Ben Cherington is out of a job after stepping down as Red Sox general manager earlier this week, but he still has his sense of humor.
Cherington was on hand as a guest speaker today for the fifth annual Saberseminar in Boston, which benefits the Jimmy Fund. The event is centered around sabermetrics, scouting, and the science of baseball. His job status was obviously the big elephant in the room and he decided to go the self-deprecating route.
Cherington also held himself accountable for some of his decision-making, most notably with the decision to sign Hanley Ramirez and put him in left field. He said the front office “made a bet on the history of what players look like going from middle infield to outfield,” but admitted that it hasn’t gone well. According to Tim Britton of the Providence Journal, Cherington said that he believes some of his failings in the job came as a result of making decisions “in a rush.”
While he didn’t exactly go out on a high note in Boston, kudos to Cherington for being humorous and thoughtful in what has to be a pretty rough week for him. He likely won’t have to wait long for his next opportunity.
We’ve heard the back and forth between players and owners on money, on safety, on the size and the shape of the season. But not until now have we heard just how little baseball Major League Baseball and its owners actually want: 48 games.
That’s all they want, at least if they have to, as agreed, pay players their prorated salaries on a per-game basis. That’s the report from ESPN’s Jeff Passan, who writes this morning on the state of the current negotiations.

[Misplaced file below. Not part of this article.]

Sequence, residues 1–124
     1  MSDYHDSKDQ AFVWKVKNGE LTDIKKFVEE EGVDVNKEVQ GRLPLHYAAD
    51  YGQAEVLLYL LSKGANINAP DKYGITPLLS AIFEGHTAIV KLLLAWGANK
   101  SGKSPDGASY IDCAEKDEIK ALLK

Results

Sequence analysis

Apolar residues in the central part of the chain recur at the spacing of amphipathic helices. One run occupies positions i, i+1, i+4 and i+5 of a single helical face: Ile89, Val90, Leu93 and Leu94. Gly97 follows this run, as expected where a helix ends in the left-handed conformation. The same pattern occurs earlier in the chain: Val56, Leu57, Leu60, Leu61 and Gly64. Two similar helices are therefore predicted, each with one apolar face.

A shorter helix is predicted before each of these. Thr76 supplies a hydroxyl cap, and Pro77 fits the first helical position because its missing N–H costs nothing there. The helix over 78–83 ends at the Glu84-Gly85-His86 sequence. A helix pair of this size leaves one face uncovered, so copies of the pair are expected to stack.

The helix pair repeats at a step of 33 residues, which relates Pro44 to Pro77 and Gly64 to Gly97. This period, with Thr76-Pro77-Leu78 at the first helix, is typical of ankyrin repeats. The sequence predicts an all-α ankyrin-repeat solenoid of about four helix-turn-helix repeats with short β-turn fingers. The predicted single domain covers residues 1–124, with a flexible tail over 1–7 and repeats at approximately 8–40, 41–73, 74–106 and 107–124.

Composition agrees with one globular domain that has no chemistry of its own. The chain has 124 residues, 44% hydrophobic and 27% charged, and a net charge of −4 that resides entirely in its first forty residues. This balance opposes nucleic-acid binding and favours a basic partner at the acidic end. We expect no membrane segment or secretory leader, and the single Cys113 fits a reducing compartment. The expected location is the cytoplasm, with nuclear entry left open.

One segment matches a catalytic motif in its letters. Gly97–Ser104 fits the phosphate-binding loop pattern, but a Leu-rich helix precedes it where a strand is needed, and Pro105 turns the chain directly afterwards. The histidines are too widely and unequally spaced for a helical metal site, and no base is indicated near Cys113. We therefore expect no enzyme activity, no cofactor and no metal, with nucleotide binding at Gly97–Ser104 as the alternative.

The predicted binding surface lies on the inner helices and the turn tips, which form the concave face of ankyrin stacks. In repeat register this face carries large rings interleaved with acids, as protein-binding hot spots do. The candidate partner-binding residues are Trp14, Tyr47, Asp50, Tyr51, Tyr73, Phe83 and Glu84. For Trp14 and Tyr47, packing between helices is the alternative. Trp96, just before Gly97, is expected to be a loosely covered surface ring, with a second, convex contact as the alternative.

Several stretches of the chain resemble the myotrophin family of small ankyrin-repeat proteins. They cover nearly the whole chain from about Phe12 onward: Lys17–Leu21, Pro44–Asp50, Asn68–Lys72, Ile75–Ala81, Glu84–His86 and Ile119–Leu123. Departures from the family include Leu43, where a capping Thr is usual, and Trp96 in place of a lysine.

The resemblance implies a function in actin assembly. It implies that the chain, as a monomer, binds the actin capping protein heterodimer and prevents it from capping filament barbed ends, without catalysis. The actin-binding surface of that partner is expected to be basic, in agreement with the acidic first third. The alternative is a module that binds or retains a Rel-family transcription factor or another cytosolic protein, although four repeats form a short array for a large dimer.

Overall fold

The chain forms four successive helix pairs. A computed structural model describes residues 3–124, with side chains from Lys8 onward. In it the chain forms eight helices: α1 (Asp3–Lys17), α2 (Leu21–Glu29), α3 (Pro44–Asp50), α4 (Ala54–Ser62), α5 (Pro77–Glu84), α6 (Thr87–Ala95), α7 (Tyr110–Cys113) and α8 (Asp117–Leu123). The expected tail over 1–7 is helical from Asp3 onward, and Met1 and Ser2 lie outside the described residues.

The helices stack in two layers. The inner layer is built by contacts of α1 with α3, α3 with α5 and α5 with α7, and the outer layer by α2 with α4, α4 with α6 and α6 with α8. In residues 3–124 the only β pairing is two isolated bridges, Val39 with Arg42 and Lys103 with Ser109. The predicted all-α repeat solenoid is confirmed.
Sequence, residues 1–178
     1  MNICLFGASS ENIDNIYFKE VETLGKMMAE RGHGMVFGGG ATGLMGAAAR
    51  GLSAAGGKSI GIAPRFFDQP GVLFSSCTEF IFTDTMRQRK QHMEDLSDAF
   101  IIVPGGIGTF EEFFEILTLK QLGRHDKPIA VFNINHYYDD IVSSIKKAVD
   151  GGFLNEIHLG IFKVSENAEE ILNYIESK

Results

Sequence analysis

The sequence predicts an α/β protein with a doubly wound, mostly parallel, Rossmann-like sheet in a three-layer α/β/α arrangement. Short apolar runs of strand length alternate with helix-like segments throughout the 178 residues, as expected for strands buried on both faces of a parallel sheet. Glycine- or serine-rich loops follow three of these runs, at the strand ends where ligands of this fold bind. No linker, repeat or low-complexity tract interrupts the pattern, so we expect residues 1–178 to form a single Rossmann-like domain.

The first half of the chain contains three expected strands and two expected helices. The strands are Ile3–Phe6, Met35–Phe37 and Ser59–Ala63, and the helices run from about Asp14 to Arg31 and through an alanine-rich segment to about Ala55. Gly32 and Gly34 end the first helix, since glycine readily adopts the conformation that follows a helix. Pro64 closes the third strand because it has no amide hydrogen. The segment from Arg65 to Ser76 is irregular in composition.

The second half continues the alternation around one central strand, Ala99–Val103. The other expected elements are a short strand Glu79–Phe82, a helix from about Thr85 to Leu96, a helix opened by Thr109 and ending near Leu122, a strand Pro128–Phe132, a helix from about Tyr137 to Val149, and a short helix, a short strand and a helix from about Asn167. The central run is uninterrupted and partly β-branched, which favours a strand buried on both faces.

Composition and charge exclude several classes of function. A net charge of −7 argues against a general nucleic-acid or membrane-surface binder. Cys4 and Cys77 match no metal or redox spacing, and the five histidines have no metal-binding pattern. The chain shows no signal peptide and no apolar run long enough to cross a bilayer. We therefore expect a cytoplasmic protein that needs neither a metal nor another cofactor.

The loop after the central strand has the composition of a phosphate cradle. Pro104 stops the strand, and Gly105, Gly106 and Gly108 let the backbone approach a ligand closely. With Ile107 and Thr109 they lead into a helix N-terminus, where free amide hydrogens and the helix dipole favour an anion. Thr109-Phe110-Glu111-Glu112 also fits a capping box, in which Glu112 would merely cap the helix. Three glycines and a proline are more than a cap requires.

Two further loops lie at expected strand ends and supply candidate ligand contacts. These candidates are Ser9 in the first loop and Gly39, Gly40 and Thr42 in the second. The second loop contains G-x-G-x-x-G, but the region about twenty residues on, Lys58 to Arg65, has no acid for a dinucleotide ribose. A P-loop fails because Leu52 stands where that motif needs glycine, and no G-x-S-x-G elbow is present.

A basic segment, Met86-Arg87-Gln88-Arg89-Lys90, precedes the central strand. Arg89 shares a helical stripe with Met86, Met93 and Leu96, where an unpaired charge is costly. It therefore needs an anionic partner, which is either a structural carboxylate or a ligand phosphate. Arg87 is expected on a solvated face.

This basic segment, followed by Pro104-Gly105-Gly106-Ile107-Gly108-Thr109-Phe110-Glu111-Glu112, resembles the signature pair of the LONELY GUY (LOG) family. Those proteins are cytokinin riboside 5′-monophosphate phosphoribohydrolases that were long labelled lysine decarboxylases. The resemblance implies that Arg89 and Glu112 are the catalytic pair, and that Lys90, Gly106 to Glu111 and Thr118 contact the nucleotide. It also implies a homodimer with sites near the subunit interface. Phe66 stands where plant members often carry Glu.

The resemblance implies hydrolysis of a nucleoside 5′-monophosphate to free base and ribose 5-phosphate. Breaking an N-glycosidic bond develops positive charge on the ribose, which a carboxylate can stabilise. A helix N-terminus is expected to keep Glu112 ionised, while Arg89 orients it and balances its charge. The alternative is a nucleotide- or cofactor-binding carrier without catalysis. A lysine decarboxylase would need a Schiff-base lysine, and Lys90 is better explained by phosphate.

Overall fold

Passan’s article has a lot more than that. It contains a number of financial calculations about how much teams say they stand to lose per game played under any given scenario. That said, given the near total opacity when it comes to owner finances, we have no real way to evaluate the claims. The players have a bit more access to league financials, but even they are reported to be unsatisfied with what the owners have shared in that regard. So, while interesting, nothing Passan presents there is really convincing. It stakes out the positions of the parties but doesn’t really tell us much about the merits.
Which is to say that a 48-game schedule sounds like either (a) a bluff aimed at getting the players to offer financial concessions; or (b) a declaration from the owners that they’d prefer almost no baseball if it means that they have to lose any money. The whole “we’ll happily take the benefits of a good market but won’t bother if there’s a chance we might lose money” approach I’ve lambasted in this space before.
We’ll see soon which it is.